How well do we know our parents? Where we came from? How well do we understand the circumstances and situations that swirled around them at the time of our conception? And not just our individual conception, but the conception of our siblings, the creation of our families?
How many of us have ever sat down and told our parents we want to listen to it all, however long it takes…to the stories of their lives, their own birth families, the joys and pressures of their childhoods, how they came to be who they are in the world.
Do we know how and why our fathers chose their lines of work? Did they feel free, or constrained in some way, pressured, perhaps, by war, economic circumstances, a domineering father, an insistent mother? Or did our fathers go their own way, carve out their own paths, free in their hearts and souls, the red wildflowers in the center of fields of mostly yellow and purple and white?
And our mothers? What were their dreams and aspirations for themselves? Did they get the education they wanted? Did they do what they wanted to do with their lives? Do they have any regrets, any unmet desires, any wishes, wants and hopes to which they have never given voice? Did their lives turn out the way they wanted? Was there a trimmed path through the forest, or did they have to bring a machete, clearing a step for each foot as they went?
Do we know how and where and when our parents fell in love? Did they choose one another, or was it an arranged or an expected marriage? Was it love at first sight, or did it smolder slowly? Was it expected, commanded, natural or cast in ambivalence? Was it destiny or fate, a choice, or simply the thing everyone does….eventually…like a clock ticking onto the next second, minute, hour?
Did they meet when they were young, or find one another long after they’d begun their lives’ journeys?
Do they have secrets they have never shared with anyone…ever?
Do they share the same religious and political beliefs, the same pastimes and hobbies? Do they crave one another’s company, or do they lead independent lives, yet remain deeply entwined, like the ivy climbing up the latticework to the side of the house?
Do they laugh, or are they on automatic pilot? Are they partners, enemies, competitors, lovers, friends or strangers? Is life a joy or a hardship or many indescribable things in between? Are they funny, witty, dry humored, meant to be together, a mistake?
Are we like them, or different? Do we understand our own personalities and lives…our souls…or do we simply accept it all as DNA, as genetic, as something unquestioned, unexpressed, unexamined.
Many years ago I took this photo of an elderly woman in Cornolo, Italy, one of the tiny hamlets in the mountains outside of Parma where I have ancestral roots. There was a fabulous tin airplane weathervane across the street from her home and I pulled my car over to take some pictures.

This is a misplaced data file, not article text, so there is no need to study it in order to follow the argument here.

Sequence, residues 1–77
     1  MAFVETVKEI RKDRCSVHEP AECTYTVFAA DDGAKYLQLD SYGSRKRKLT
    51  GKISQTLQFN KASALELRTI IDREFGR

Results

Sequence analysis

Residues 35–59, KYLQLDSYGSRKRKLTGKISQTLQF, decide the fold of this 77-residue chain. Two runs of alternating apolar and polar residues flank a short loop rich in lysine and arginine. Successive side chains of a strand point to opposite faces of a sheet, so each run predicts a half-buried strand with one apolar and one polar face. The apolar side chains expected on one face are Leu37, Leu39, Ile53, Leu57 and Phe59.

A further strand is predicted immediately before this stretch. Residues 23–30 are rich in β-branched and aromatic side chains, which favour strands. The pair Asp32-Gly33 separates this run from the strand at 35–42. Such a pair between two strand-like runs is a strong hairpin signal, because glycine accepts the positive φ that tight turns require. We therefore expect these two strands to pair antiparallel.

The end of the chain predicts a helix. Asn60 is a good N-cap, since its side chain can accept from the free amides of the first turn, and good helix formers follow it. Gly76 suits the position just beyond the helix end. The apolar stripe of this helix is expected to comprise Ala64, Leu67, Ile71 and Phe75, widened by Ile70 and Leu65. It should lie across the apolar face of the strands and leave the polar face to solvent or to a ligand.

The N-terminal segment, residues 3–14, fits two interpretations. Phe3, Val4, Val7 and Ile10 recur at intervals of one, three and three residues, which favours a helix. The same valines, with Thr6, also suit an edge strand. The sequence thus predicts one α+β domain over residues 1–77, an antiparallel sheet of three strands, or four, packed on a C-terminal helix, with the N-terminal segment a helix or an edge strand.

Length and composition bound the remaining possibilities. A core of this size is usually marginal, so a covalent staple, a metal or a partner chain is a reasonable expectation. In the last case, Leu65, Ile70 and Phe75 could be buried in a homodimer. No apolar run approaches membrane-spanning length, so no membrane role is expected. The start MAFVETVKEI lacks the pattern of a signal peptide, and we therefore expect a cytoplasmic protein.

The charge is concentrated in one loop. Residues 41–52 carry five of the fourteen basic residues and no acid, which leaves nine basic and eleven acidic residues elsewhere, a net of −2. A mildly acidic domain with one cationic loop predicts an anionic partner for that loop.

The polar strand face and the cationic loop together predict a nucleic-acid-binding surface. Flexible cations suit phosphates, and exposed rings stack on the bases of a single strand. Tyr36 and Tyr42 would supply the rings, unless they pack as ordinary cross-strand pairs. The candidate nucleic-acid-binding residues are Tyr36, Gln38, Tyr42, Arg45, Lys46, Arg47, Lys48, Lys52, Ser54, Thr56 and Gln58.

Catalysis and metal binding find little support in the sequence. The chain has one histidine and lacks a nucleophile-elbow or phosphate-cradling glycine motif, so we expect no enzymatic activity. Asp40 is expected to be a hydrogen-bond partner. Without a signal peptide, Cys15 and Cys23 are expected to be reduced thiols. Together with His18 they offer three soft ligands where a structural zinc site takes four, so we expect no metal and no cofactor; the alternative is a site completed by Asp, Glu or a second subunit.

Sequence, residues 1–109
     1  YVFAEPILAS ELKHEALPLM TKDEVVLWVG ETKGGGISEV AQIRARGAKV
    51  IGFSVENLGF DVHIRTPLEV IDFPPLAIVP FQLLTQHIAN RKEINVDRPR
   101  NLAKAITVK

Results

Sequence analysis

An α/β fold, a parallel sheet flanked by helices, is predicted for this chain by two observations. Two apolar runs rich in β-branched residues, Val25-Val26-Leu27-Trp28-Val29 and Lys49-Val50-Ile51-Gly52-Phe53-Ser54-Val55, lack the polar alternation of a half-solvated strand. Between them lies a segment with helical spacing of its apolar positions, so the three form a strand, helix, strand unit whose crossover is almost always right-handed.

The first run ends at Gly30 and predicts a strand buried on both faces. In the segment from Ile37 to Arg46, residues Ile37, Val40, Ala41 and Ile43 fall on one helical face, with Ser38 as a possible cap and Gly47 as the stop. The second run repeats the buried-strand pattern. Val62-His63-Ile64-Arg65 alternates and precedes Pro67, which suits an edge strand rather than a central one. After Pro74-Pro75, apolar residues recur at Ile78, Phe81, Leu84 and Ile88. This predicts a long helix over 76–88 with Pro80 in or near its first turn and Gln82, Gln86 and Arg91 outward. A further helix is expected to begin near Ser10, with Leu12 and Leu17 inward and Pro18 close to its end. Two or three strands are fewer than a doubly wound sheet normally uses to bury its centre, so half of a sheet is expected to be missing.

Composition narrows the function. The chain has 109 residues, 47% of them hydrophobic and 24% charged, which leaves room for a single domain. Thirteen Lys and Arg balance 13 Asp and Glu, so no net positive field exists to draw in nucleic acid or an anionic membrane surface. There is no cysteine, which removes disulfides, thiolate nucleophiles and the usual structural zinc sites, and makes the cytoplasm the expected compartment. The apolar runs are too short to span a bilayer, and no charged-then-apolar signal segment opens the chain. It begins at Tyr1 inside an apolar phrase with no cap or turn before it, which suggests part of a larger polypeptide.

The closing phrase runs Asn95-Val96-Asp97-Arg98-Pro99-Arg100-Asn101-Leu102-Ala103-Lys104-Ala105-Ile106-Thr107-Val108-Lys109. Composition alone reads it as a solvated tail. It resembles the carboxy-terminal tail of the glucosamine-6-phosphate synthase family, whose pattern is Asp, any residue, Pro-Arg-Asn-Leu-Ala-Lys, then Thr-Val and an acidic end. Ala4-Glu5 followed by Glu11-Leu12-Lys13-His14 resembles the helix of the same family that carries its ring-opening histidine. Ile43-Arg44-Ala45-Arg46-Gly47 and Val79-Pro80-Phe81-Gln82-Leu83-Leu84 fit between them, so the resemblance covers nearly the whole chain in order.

She came outside, glowing with charm, wearing a bright periwinkle sweater and she asked me if I would join her for a cup of tea. We sat at the table in her kitchen and talked about my father’s family…about her family…and she told me what it was like to live in that physically beautiful place, a place that was so remote and so hard to get to in Winter that during the War a letter could take six months to arrive from Parma.
She talked about the harshness of the times, the lack of food, sitting around the wood burning stoves for warmth, waiting for Spring and the roads to thaw and for life to begin again, and I asked, “Was there nowhere else you could have gone?” and she replied, “Life was not about choice, it was about surviving.”
Chickens and roosters pecked at the grass growing outside her door, wind chimes tinkled on the porch and homemade weathervanes spun atop the mailboxes. I asked if I could take her picture and she smiled easily for me. I left the photo uncropped, the background blotches on her kitchen wall unretouched. When I look at it now, I remember that day as though it were yesterday.
My memory of sitting with this lovely and kind woman, who was almost 90 when I met her, survives, and I am glad I made the choice that day to pull over and take a picture of a tin airplane weathervane, which morphed into a random encounter with an elderly woman who offered me a cup of tea and shared with me her memories about life in the mountains in Italy during World War II.
NOTE: I published a previous version of Where do we come from? on my Writing Personally blog on February 10, 2016 on Google+.